Good news for northern and central Victorian farmers this week, with predictions that most of their region has a higher than 70 per cent chance of receiving above average rainfall in June.
But the outlook for much of Gippsland is not as buoyant, with only a 50:50 liklihood of having a wetter than average month.
Looking further ahead, predictions for wetter than average conditions in Victoria increase slightly in July.
Parts of the north west appear very likely - with a more than 80 per cent chance - to have above average rainfall.
But again, much of Gippsland has roughly equal chances of a wetter or drier than average month.
The temperature outlook for Victoria this winter is consistent with the rainfall outlook.
Parts of the north west have a slightly higher chance of experiencing cooler days in the June to August period.
Days are likely to be warmer than average for parts of the east. But there is no strong push either way for the rest of the state.
Nights are likely to be warmer than average in most parts of the state, with extra cloud overnight stopping temperatures from rapidly dropping.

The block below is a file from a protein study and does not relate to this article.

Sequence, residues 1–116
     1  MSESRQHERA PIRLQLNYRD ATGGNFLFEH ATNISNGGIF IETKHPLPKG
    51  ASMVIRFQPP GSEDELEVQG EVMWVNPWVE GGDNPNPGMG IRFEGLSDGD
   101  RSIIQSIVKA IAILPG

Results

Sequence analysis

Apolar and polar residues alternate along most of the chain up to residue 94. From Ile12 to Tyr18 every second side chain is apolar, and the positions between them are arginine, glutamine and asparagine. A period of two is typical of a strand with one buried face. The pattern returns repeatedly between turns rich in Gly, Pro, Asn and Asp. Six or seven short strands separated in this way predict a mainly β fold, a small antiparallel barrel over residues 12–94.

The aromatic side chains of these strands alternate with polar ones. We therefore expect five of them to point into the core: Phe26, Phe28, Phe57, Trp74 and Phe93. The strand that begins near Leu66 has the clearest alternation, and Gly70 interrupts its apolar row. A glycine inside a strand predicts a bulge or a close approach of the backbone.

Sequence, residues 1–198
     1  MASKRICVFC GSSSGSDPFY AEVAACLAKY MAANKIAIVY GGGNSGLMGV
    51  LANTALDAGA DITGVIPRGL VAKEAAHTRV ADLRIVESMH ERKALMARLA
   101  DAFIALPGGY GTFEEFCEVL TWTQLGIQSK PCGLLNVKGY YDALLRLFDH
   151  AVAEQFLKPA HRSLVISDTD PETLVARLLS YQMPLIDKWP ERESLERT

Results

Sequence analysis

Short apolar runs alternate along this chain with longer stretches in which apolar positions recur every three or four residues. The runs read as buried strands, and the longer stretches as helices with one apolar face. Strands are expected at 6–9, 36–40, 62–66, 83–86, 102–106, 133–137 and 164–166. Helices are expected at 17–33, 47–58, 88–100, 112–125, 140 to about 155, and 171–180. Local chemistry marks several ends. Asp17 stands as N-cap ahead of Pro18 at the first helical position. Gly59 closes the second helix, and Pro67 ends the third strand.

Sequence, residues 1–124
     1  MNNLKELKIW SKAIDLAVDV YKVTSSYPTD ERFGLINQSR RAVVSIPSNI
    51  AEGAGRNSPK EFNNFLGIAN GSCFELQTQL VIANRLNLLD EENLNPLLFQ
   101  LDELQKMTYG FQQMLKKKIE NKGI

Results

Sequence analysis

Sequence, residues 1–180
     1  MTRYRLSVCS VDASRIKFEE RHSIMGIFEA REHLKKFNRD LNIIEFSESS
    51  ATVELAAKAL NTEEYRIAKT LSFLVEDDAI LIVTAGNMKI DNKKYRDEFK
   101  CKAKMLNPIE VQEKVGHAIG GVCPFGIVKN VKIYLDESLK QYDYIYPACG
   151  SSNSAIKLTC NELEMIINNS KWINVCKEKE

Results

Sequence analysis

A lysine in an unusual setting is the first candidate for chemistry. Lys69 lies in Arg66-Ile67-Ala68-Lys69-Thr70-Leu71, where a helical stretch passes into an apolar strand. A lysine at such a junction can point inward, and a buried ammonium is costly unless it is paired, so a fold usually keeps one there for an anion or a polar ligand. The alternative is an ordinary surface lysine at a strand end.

The highest likelihood of this occuring is in the north - and then the chance of warmer than average minimum temperatures drops gradually as you move further south.
Victoria's average rainfall forecast for June ranges from about 20 millimetres the north west, to more than 100mm in elevated areas and exposed parts of the south - and more than 200mm in parts of the Alps.
Typically, average rainfall is slightly higher for July in most locations.
Rainfall across Victoria usually increases during winter - and long-term average monthly rainfall tends to reach its highest peak in August.
The main drivers for the wet winter outlook in the state are the conditions in the tropical Pacific and Indian Oceans.
International climate models surveyed by the Bureau of Meteorology are predicting a negative Indian Ocean Dipole may develop in mid-winter.
The models also show signs of a La Nina-like pattern developing in the Pacific Ocean.
Both the negative Indian Ocean Dipole and La Nina increase the chances of having above average rainfall in most of Victoria.
Even if some of the indicators in the Pacific Ocean, or the atmosphere above it, don't exceed La Nina thresholds, parts of eastern Australia can still observe some La Nina-like effects, including enhanced rainfall.